Edited by Claudia Ortu and Francesco Bachis.
Vernon Press, 2023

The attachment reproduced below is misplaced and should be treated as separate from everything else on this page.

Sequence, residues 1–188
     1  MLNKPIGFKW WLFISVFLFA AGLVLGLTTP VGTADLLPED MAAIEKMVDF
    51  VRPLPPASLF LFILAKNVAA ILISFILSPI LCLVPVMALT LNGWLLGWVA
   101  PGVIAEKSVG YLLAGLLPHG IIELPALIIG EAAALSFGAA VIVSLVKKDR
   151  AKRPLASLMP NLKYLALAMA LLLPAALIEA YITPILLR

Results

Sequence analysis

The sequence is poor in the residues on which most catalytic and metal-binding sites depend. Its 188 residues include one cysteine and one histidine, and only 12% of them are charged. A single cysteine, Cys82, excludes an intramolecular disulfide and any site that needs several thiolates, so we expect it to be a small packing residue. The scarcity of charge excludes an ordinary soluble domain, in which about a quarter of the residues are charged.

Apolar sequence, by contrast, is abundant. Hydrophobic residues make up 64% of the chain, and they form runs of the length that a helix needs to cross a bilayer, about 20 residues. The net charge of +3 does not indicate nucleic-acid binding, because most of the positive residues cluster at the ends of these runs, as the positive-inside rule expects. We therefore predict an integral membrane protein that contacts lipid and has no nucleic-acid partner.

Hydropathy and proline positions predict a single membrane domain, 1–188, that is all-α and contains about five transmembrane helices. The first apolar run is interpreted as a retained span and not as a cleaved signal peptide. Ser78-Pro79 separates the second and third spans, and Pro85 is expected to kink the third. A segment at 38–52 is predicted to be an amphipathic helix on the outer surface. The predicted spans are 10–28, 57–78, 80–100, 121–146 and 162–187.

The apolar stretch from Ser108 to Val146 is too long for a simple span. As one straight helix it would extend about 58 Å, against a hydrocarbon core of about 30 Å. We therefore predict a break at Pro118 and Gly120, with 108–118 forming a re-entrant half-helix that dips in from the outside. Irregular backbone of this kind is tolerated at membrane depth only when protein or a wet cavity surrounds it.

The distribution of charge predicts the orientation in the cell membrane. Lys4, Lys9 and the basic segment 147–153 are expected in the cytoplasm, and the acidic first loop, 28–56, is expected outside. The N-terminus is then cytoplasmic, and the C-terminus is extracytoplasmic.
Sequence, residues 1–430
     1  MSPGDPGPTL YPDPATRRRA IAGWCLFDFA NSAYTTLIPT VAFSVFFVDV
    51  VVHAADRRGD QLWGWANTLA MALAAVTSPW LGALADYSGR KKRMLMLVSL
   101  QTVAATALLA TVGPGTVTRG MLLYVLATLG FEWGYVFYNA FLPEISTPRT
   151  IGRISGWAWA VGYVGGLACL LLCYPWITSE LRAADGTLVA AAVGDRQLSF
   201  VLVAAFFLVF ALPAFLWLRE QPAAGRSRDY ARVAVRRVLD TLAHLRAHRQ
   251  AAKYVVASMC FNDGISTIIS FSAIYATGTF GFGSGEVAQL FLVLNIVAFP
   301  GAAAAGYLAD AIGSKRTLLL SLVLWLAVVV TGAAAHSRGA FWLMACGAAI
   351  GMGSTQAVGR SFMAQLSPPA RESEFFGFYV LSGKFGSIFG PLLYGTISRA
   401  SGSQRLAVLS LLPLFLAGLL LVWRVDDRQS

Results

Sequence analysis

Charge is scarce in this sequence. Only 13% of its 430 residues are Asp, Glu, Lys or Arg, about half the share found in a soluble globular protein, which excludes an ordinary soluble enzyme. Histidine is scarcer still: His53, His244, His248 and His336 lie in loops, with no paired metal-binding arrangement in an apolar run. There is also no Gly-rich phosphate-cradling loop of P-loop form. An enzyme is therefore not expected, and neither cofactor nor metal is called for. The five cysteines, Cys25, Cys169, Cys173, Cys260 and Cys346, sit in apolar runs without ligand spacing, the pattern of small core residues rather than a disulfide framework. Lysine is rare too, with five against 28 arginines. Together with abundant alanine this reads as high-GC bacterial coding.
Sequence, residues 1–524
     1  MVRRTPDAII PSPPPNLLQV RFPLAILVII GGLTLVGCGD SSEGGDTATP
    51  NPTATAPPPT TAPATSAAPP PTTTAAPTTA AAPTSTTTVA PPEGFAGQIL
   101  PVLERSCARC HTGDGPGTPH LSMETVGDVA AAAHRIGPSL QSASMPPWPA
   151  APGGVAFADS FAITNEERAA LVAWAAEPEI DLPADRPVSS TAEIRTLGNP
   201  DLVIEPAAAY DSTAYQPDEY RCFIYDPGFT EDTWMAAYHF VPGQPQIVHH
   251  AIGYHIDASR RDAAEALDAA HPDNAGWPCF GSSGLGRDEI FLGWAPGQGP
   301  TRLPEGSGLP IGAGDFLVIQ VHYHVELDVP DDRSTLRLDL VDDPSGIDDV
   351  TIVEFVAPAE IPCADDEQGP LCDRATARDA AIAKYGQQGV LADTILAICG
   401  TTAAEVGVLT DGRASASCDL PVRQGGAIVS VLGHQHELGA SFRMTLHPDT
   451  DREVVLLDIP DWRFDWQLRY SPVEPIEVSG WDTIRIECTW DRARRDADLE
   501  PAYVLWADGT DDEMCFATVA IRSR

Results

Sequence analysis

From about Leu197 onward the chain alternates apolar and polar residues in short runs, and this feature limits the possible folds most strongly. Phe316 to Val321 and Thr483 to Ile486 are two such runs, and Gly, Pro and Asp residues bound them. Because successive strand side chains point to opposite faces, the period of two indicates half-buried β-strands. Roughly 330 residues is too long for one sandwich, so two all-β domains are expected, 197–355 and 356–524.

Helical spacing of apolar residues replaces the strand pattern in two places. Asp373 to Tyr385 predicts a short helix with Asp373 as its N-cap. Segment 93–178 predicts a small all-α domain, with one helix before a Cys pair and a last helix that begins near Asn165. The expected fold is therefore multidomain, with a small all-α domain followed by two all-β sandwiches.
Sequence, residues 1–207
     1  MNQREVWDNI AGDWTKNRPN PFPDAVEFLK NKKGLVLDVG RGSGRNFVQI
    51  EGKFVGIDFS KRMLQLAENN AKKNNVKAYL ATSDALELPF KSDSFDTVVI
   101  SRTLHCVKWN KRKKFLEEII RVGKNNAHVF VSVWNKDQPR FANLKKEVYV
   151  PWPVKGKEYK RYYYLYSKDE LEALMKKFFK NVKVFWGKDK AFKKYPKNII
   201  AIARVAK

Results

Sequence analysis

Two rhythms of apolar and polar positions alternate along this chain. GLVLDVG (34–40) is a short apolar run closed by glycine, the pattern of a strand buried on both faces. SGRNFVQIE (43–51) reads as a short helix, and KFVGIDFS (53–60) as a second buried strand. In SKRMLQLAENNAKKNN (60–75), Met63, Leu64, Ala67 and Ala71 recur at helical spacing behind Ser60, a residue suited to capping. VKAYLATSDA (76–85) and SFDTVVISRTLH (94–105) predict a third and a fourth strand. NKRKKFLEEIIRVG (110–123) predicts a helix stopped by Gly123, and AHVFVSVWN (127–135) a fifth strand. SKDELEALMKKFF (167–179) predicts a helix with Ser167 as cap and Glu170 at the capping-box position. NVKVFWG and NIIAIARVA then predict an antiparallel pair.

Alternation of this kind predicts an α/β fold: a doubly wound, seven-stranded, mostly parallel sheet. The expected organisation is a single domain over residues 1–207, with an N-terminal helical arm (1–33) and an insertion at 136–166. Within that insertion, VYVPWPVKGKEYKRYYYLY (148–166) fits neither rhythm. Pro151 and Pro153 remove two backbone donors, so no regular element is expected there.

This volume explores the issue of social class from the point of view of its linguistic articulations. Indeed, as Machin and Richardson (2008) stated, “discourses may be variously approached as (often simultaneously) reflecting class structures, as a site of class inequalities, as expressive of class identities or class consciousness and/or as a constituent part of more performative class action.” Some of the contributions that make up the volume were presented at a conference held at Cagliari University, Italy, in 2017 and responded to the call for analyses on the role of language in reflecting, maintaining, enacting, and inculcating ideas on social class in literary and non-literary texts and discourses in any cultural or linguistic setting. This volume aspires to encourage scholars in disciplines and academic fields that have shied away from reflections on structural inequalities in favor of studies on ethnic, gender, and cultural identities in the last decades to take back on board the concept of social class and to engage with it in a novel way. The variety of approaches – ranging from the more traditional sociolinguistic one, anthropology, to literary and discourse studies – and cultural settings – with case studies coming from 3 continents – represented in the chapters show that social class is a productive and illuminating concept for trying to (re)make sense of social reproduction and change.